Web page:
An Introduction to Entities
If you are looking for the documentation or the entity API in Drupal 8, click here.
Maybe you've heard of "entities" in Drupal 7, wondered what they were, and wanted to learn the underlying concepts. Leveraging the Entity API lets you create more lightweight and flexible solutions.
The Drupal community often compares site building through configuration to a favorite childhood toy: LEGO bricks. We can build Entity types, which can make Bundles, to which we can add Fields and then create Entities. This article explains the relationships between Entity types > Bundles > Fields > Entities. This was one of the most important changes of Drupal 7, and brought components from some well-loved contributed modules -- such as CCK -- into the core system.
The illustration below shows some examples of Entity types included with Drupal 7, with some example entities:
Let’s take a closer look at these concepts. It’s sort of a chicken-and-egg thing, one doesn’t exist without the other.
In earlier versions of Drupal, the field system was only used on content types. Now, thanks to the Entity API, we can add fields to other things, like comments. Fieldable entities make Drupal eminently flexible. An entity type is a useful abstraction to group together fields. Below are the Entity types in Drupal core:
- Nodes (content)
- Taxonomy terms
- Taxonomy vocabularies
You can also build new kinds of entity types where the options above don't suit your needs. For more information, read further about using the hook_entity_info and extension by Entity API: entity_crud_hook_entity_info.
Bundles are an implementation of an entity type to which fields can be attached. You can consider bundles as subtypes of an entity type. With content nodes (an entity type), for example, you can generate bundles (subtypes) like articles, blog posts, or products. Not all entity types have bundles, however. For example, users do not have separate bundles (subtypes). For the entity types that do allow bundles, you can create as many bundles (subtypes) as you want. Then, using the Field system, you can add different fields to each bundle. Examples include a file download field on Basic Pages and a subtitle field on Articles.
A field is a reusable piece of content. In technical terms, each field is a primitive data type, with custom validators and widgets for editing and formatters for display. You can read further for a developer's guide to using the Drupal 7 Fields API.
What's important to know as it relates to Entities is that Fields can be added to any of the bundles (or entity types) to help organize their data.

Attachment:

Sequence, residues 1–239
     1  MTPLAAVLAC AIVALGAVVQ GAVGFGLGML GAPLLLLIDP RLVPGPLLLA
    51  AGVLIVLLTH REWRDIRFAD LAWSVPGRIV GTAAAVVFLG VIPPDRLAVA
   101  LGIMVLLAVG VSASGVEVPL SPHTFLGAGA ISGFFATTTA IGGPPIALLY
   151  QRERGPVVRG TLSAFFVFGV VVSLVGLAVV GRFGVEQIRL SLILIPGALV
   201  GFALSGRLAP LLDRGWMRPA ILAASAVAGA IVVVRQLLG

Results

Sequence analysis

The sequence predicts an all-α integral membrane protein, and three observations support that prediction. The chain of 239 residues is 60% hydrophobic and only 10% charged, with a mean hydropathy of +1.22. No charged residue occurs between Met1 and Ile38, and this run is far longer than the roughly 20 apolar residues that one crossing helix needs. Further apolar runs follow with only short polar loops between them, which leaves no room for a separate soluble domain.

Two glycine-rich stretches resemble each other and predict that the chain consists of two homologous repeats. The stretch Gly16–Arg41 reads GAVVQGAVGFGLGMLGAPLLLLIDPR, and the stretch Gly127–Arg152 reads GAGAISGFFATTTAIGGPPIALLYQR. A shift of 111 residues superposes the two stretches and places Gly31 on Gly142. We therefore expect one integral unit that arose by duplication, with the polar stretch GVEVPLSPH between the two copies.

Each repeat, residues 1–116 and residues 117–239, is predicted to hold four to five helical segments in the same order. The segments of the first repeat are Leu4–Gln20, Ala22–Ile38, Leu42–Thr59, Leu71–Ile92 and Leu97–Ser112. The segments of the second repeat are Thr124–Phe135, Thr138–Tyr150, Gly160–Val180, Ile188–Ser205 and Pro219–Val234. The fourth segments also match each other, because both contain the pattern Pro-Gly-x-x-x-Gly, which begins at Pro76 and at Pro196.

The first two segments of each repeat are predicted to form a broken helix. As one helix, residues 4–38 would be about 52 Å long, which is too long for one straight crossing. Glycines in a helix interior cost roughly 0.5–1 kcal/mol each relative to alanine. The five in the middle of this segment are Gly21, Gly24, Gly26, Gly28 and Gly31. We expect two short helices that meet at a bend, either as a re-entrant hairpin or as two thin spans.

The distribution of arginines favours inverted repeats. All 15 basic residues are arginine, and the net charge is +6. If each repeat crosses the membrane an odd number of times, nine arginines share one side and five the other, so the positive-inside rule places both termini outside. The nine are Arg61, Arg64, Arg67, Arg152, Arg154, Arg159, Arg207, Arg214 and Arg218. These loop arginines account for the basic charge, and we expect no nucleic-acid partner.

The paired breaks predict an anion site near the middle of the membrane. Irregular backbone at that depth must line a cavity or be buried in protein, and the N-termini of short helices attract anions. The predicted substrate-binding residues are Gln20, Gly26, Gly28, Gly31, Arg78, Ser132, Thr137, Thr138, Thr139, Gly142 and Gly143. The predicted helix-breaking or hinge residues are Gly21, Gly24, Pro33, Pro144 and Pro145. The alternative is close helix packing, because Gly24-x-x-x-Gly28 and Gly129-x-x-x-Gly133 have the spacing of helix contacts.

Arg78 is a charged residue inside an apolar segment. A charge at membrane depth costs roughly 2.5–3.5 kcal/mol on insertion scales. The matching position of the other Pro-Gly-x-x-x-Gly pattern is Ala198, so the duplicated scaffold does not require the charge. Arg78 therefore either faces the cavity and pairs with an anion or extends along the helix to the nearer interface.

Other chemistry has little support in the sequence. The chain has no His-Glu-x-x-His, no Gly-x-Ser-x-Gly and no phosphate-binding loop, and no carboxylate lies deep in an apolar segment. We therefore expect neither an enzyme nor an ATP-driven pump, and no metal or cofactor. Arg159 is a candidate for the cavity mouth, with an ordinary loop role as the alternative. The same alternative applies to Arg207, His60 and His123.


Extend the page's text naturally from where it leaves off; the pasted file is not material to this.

Say, for example, you create a content type with an unstructured text field and use HTML to structure parts of it, like a summary section, or prices. That would make it more difficult, then, to control how these were displayed, or to make connections between different types of related content.
This is where using fields is essential. You could create a summary field of type Long Text as well as price fields of type Decimal.
An entity would be one instance of a particular entity type such as a comment, taxonomy term or user profile or of a bundle such as a blog post, article or product.
You can use entity_load to load any entity. Note, however, that the core does not provide a save or delete function, but thanks to Entity API module the missing pieces are added (entity_create(), entity_save(), entity_delete(), entity_view() and entity_access()).
Putting this in Object-Oriented Design/Programming terms...
If you come from an OOD/P background and are trying to better understand what these key D7 concepts are, the following suggested mapping might help (albeit not strictly true from a purist’s perspective) :-
- An entity type is a base class
- A bundle is an extended class
- A field is a class member, property, variable or field instance (depending on your naming preference)
- An entity is an object or instance of a base or extended class
All these four OOD/P concepts are special in that they are serialisable (stored - e.g. to a database or file). Serialisation takes place via the Entity API.
So what’s the big deal?
If you’re familiar with Drupal 6 and new to Drupal 7, this will sound like great news. In Drupal 6 and before, users and comments didn't have the same power that nodes (content) had. They couldn't have translations, fields, versioning, and so on. It also meant that systems such as Views, which relied on controlling the selection and listing of fields didn’t work as well with comments and users. Some experimentation was done with modules that turned comments or users into nodes. However, this meant that all the additional information in the node object was added to comments.
Instead, the community created this abstraction based on what was common between these different models of entity types. In this way, the Entity API allows for more lightweight and flexible solutions. There are many entity-aware modules, and more being developed with Drupal 7, which make it easier to relate content together, and gain a more flexible architecture.
Entity API module
The project Entity API extends the entity API of Drupal core in order to provide a unified way to deal with entities and their properties. Additionally, it provides an entity CRUD controller, which helps in simplifying the creation of new entity types.
Learn more about using the Entity API in your projects.
View a slideshow by jdleonard on entities and the Entity API.
Learn by example on Understanding entity terminology.